Interview With NTV of Russia
World War II
Q. Good morning, Mr. President, although it's good evening for Russian audience because of the time change. [Laughter] Your father is a World War II hero, the youngest Navy pilot. So how important the D-day is for you, personally, and for your family?
The President. Well, thank you for asking about my dad. He is—he was a—like many in America and in Russia that were called upon to defend the world against nazism. And fortunately, he came home.
And today, the celebration in Russia will remind us all about the sacrifices of, in my case, an individual I love, but also a generation, a generation of men and women who made extraordinary efforts, inRussia's case to defend the homeland, in America's case to work with allies to defeat Adolf Hitler as well as the Japanese.
And so it's a special day for me, personally, because it reminds me of the willingness of a young kid to go fight. But it also reminds me of the duty of my generation to work together to make the world a better place.
Eastern Europe After World War II
Q. The after-war Europe has been reshaped according to the Yalta Conference of 1943, by the decision of three very important personalities of this time, Mr. Roosevelt, Mr. Churchill, and Mr. Stalin. How fair is it to hold only Russia responsible for all the misfortunes of Eastern Europe and Baltic States over the last—[inaudible]?
The President. Now, that's a very fair question. Obviously, it was a decision made at the end of the war. I think that the main complaint would be that the form of government that the Baltics had to live under was not of their choosing. But no, there's no question three leaders made the decision.
Q. So not only Russia the bad guy of history?
The President. Well, I think everybody ought to bear the—as historians look back at Yalta—got to recognize that it was— you're rightly so in pointing it out—it was not only the Russian leader but the British and American leader were at the table and agreed on the agreement.
Q. In Russia, we're very concerned on the rise of neo-nazism in Baltic States when Russian war veterans are humiliated publicly, when monuments to Russian soldiers are vandalized, and at the same time, where, on May 8th, there is a plan to open the monument to Nazi Brigade, that is well known only for fighting—not only for fighting against Russians but also for quite ugly things that were common for SS troops.
The President. Yes. Well, look, there is— I've got a message when I go to the Baltics, and that is it's important to respect democracy but, also, the respect of democracy is respect for minority rights. In other words, a true democracy is one that says minorities are important and that the will of the majority can't trample the minority.
And as to whether or not nations are honoring nazism, I mean, of course that should be rejected. Nazism was defeated. We're celebrating the defeat of nazism. We don't want to see nazism return. It's an extremist point of view that believes that you should be able to trample the rights of minorities. It was the Nazis who annihilated millions of Jews, for example, and there's a classic example of the rights of minorities being trampled. And we must never forget the lessons of why we fought together in World War II. And so I'm looking forward to delivering that message of tolerance.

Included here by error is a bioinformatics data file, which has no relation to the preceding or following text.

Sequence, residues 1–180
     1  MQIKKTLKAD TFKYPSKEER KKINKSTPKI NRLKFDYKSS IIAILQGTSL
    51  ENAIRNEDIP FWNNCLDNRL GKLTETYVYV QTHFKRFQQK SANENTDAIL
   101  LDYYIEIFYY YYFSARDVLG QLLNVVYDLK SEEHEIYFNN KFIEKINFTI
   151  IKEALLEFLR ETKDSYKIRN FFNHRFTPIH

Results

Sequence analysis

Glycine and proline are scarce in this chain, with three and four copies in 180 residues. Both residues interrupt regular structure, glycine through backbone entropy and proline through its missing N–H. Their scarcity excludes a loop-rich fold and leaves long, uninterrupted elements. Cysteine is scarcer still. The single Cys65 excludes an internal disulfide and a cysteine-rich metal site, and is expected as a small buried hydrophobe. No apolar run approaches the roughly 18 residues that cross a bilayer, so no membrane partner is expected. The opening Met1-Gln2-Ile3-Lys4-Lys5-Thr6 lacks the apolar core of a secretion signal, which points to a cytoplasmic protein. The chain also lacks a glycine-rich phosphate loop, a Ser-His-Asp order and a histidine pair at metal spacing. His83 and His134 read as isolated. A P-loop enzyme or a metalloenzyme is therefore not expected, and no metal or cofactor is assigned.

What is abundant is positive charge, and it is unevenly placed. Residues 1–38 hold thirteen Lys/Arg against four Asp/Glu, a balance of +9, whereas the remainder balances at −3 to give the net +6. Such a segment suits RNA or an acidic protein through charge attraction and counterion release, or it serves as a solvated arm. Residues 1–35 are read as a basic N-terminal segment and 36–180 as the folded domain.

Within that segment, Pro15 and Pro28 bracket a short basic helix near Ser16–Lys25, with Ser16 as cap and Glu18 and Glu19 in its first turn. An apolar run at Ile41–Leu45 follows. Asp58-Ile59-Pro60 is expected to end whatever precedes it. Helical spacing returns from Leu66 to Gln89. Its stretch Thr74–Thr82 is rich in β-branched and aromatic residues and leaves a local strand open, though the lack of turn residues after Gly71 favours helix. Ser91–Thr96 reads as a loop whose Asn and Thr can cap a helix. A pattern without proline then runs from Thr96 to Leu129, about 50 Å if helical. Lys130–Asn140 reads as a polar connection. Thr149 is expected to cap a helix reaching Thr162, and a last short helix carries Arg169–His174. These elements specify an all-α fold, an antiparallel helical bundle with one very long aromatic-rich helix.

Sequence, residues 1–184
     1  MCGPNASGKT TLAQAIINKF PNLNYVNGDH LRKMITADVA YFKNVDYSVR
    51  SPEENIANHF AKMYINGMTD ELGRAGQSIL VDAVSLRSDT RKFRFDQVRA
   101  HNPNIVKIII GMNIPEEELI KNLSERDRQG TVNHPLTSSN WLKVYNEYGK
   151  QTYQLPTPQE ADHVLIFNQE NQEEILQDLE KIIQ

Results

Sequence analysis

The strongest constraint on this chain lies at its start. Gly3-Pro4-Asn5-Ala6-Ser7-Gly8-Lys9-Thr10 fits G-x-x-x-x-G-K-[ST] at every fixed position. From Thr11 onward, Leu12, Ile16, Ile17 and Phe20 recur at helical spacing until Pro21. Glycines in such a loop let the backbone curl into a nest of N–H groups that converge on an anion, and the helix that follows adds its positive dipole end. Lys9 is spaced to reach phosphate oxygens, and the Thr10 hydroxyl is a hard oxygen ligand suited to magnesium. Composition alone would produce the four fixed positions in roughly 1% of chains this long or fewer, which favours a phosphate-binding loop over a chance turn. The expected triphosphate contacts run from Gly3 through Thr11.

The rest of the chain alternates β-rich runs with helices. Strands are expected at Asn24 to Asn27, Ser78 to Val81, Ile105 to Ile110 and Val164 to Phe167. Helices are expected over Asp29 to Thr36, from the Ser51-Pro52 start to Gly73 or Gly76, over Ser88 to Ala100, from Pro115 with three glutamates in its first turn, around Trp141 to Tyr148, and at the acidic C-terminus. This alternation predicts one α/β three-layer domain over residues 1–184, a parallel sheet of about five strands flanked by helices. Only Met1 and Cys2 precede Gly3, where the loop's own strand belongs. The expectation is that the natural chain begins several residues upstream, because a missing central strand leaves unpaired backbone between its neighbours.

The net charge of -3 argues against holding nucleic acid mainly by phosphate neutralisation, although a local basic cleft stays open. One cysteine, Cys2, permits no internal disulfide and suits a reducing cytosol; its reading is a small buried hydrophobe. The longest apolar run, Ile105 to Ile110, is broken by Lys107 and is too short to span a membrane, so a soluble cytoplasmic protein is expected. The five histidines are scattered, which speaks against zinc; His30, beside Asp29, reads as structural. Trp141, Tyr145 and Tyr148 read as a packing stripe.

Q. There is a question that has nothing to do with your visit to Russia but is very important to our country as an oil-producing country. Once you mentioned that you'll be happy to find a magic wand and to cut the price on oil. So what oil price will be acceptable for the United States, and what do you think is the chance of finding this magic wand?
The President. Well, I appreciate—no, there is no magic wand. A soldier asked me, he said, "Why don't you lower gasoline prices," as if the government controlled price. And in our country, the Government doesn't control price. And I told him, I said, "If I had a magic wand, I would wave it and lower your price." But I—that's not the way it works. This is a world based— the price based upon supply and demand. And demand has been going up relative to supply, which has been beneficial for oil-producing countries like Russia.
And I don't know what the right price is. Obviously, the lower the better for our economy, because every time the money— the dollars go up on the gasoline price, money leaves the pocketbooks of the working people. But that's the way the economy works. Hopefully, higher price will stimulate more production. More production will then help the price reach an equilibrium.
And the market is what it is. That's— the markets decide, not governments. I would hope that Russia would encourage a lot of investment, to open up the vast reserves she has. We need to do more exploration here. I spoke to the Crown Prince of Saudi Arabia who assured me that he is trying to put more—to find more oil. And that's what high prices do. But people who have got oil have got to understand if the price gets too high, it could wreck economies, which will mean there's less purchasing power for the product.
Q. Thank you, Mr. President, and welcome to Moscow.
The President. Looking forward to it. Thank you, sir.
NOTE: The interview was taped at 9:58 a.m. in the Map Room at the White House for later broadcast and was released by the Office of the Press Secretary on May 6. In his remarks, the President referred to Crown Prince Abdullah of Saudi Arabia.
George W. Bush, Interview With NTV of Russia Online by Gerhard Peters and John T. Woolley, The American Presidency Project https://www.presidency.ucsb.edu/node/211934